TV Show Review

TV Review: EXTANT: Season 1, Episode 1: Re-Entry [CBS]

Halle Berry Extant Re-Entry

CBS‘ Extant Re-Entry TV Show Review. Extant: Season 1, Episode 1: ‘Re-Entry’ attempted to set the tone for what could very well be a fairly ambitious undertaking. I was left, however, not entirely sure what that tone is supposed to be. Like any good pilot, Extant put out a number of threads, meant to give viewers at least a few reasons to look forward to future developments; but there was a familiarity to many of these that evoked the image of a brain-stormer dart game session, out of the creative team’s bullpen.

Remember Kubrick‘s/ Spielberg‘s A.I.? Haley Joel Osment was meant to bring a wide-eyed innocence to the Oliver Twist android, but only managed to up the creepiness factor of the whole affair? Well, Extant isn’t quite like that.

The first real carrot that the series dangles came in the form of a child android, Ethan (Pierce Gagnon), serving as a center for larger themes like the nature of Human emotion/ connection/ interaction, the rights of the intelligently soulless, and the ever popular fear of the robot-apocalypse. A decent amount of material to get through at least one season (for one character, anyway), but the pilot seemed willing to set all those aside in order to focus the viewer’s attention on one stark, simplistic question: whether this android will be an agent of hope or fear. Too much emphasis was placed on making Ethan seem creepily unbalanced & erratic. Frankly, the creepy kid, who may have the inside track on even more creepiness-in-progress, has been done to death (particularly after The Sixth Sense – thank you, Haley Joel). The Walking Dead took a much subtler, slow-boil approach to the subject, during its fourth season; but for Extant‘s potential cyber psycho, the introduction had him running hot & cold. As an impressionable child (read: programmable), however, there is plenty of room left for growth. Remember those creepy kids from that Nic Cage film, Knowing? Well… well, I probably lost you at Nic Cage….

Okay, remember The Astronaut’s Wife, where guy astronaut comes back from mission, not altogether there, and his wife has to contend with how that mission changed him – with the fate of the World at stake? Well, Extant isn’t all the way there, either (knock on wood).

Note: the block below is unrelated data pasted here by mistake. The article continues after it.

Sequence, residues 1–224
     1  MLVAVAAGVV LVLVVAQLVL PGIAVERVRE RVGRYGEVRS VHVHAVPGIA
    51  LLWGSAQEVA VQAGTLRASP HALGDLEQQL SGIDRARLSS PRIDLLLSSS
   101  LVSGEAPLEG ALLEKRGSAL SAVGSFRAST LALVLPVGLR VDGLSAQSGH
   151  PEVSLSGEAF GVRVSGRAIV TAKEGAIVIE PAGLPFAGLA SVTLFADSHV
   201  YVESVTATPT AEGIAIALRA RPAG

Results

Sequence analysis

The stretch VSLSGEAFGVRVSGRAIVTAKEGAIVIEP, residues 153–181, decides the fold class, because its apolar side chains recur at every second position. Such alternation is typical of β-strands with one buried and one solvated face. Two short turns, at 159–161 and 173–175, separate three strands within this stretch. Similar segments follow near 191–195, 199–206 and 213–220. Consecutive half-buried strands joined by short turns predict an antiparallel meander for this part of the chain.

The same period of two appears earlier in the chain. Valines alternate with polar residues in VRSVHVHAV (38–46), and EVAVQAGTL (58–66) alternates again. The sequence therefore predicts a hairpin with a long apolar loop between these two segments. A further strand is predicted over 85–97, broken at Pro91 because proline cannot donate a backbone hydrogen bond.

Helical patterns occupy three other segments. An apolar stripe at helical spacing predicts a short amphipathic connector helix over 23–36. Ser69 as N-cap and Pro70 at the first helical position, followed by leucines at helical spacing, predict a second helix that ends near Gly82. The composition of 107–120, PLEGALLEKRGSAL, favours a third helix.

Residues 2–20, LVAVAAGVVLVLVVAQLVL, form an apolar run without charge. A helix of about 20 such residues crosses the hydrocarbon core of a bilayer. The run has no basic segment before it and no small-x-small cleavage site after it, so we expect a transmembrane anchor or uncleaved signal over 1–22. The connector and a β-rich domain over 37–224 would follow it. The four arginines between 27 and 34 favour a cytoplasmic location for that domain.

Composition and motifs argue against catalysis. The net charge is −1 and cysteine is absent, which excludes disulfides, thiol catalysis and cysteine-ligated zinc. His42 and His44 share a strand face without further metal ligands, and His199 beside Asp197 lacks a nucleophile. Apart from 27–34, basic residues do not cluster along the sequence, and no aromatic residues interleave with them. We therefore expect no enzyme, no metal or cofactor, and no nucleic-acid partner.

The central plot to Extant revolves around the experience of Molly Woods (Halle Berry), during a 13 month solo space mission, and the fallout that ensues after her return to Earth, her workplace, and her family. The pilot attempted to make a subtly gradual transition, from the natural difficulty in her re-adjustment to full on mystery/ conspiracy, but subtlety may not prove to be Extant‘s strong point. The fact that I couldn’t tell whether the recounting of her space encounter came in the form of real-time memory, or a series of flashbacks for the viewer’s benefit, didn’t help. Remember that whole “alien assuming a friendly face to make contact with” detail, from the film Contact? Well, I’m still mad at that film, over its less sensible plot points, so maybe I brought it up for the wrong reasons….

There were other memories that came to mind. One show, still considered synonymous with the conspiracy theme, once warned us to “Trust No One;” Extant‘s pilot settled for “don’t trust anybody.” Almost Human‘s corpse is still fairly warm, where keeping Asimov‘s themes alive are concerned. Hiroyuki Sanada, having served as both an immortal agent of Jacob (Lost), and an immortal agent of ILARIA (Helix), showed up to play the artificially preserved face of Extant‘s corporate conspiracy contingent. Privatized space program, plus shaky employee with possible key to… something (“wonderful?”), plus a Japanese corporate head on a seeming immortality kick, could add up to another Weyland-Yutani Corp. in the making; but such a derivative construct might be more complimentary than Extant‘s ambitions may actually warrant.